37. Natgyikon or Ban Hpi Long
    38. Natyingya
    39. Nyaunggaing
    40. Nyaunggon or Ban Kon Nyaung
    41. Ohnbaung
    42. Pinbaw or Ban Pang Baw
    43. Pinhe
    44. Pinlon or Ban Panglong
    45. Pintha or Ban Pyin Hsa
    46. Pwinbusu
    47. Sahmaw or Ban Mao Khay
    48. Shanzu
    49. Shwe-in or Ban Naung Hkam
    50. Tagwin
    51. Ta-paw
    52. Taungbaw or Ban Ho Loi
    53. Taungni or Ban Loi Leng
    54. Tiggyaingsu
    55. Theikwagon
    56. Thutegon
    57. Yawthit or Ban Mai
    58. Yawathikyi or Ban Mai Long
    59. Thayetta

    In Kamaing Township:
    1. Chaungwa or Ban Pak Haung
    2. Haungpa or Ban Haung Par
    3. Hepan or Haipan
    4. Hepu or Haipu
    5. Kamaing
    6. Lawsun
    7. Lepon
    8. Letpangon
    9. Lonsan or Long San
    10. Lonton
    11. Lwemun or Loimun
    12. Maing Pok or Mong Pok
    13. Mapyin
    14. Maubin Natlatan
    15. Nammun
    16. Nanhlaing
    17. Nankat
    18. Nanya
    19. Nyaungbin
    20. Sezin
    21. Taunghaw

    In Myitkyina Township:
    1. Akye
    2. Ayeindama
    3. Baingbin
    4. Hokat
    5. Katcho or Kat Kiao
    6. Khaungpu or Hkaunghpu old
    7. Khaungpu or Hkaungpu new
    8. Kokma
    9. Kwitu
    10. Legon
    11. Maingmaw or Mong Maw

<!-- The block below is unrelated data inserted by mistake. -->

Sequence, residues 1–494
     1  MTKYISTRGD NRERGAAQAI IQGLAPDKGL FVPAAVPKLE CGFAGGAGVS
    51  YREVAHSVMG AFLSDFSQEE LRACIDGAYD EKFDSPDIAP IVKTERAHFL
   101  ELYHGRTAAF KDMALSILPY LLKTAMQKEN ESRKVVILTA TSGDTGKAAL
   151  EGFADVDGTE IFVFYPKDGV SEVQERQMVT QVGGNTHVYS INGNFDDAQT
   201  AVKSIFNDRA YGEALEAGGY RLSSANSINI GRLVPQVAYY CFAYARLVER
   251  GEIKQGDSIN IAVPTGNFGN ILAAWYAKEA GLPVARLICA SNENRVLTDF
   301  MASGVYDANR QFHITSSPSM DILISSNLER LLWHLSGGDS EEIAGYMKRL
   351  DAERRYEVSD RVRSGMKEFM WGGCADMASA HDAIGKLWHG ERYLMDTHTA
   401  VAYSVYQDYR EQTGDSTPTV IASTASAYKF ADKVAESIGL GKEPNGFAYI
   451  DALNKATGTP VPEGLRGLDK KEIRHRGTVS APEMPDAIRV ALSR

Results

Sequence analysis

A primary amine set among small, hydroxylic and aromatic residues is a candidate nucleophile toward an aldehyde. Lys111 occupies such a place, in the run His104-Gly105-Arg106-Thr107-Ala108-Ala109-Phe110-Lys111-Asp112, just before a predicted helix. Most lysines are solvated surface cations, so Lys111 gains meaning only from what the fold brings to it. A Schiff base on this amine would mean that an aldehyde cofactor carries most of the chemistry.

12. Mainga or Mong Na
    13. Male
    14. Mangin
    15. Mankin Saragatawng
    16. Mankin Shewzet
    17. Manmakan or Man Mark Karm
    18. Manpwa
    19. Mintha
    20. Myitkyina
    21. Nampong
    22. Nanhe
    23. Namkalan
    24. Nankwe
    25. Nanpomaw
    26. Nanwa
    27. Naunghi
    28. Naungmun
    29. Naungpakat
    30. Nyaungbintha
    31. Okkyin
    32. Pamati
    33. Panpa
    34. Pidaung
    35. Pinlontaw
    36. Pinlonyana
    37. Rampur
    38. Sanga
    39. Sangin
    40. Sekow
    41. Sinbo
    42. Sitapur
    43. Tahona or Ta Ho Na
    44. Taiklon
    45. Talawgyi
    46. Tasaing
    47. Talkon
    48. Thagaya
    49. Tonpakut
    50. Ulauk
    51. Wainglon
    52. Waingmaw
    53. Washaung
    54. ZigyunSource:

    The Kachin Hill Manual. Rangoon: The Superintendent Government Printing, Union of Burma, 1959. pp. 17-18

    Appendix II: Shan Kings in Myanmar

    The list of Shan kings who succeeded the kings of Bagan and reigned at Myinsaing and Pinya is:

    1. The three Shan brothers who acquired power after the fall of Bagan and governed the country with equal status from A.D. 1298:
      • Athinhkaya,
      • Yazathinkyan
      • and Thihathu, Their joint reign lasted fourteen years.
    2. Thihathu or Ta-tsi-shin, youngest of the three brothers who made himself king at Pinya in 1312 and reigned for ten years.
    3. Uzana son of Kyawswa (1287-98, deposed king of Bagan) and the adopted son of Thihathu.
    4. Ngasishin Kyawswa (half brother of 3), son of Thihathu, he became king in 1343 and reigned eight years.
    5. Kyawswa-nge (son of 4) became king in 1350 and reigned five years.
    6. Narathu (brother of 5) became king in 1354 and reigned nine years.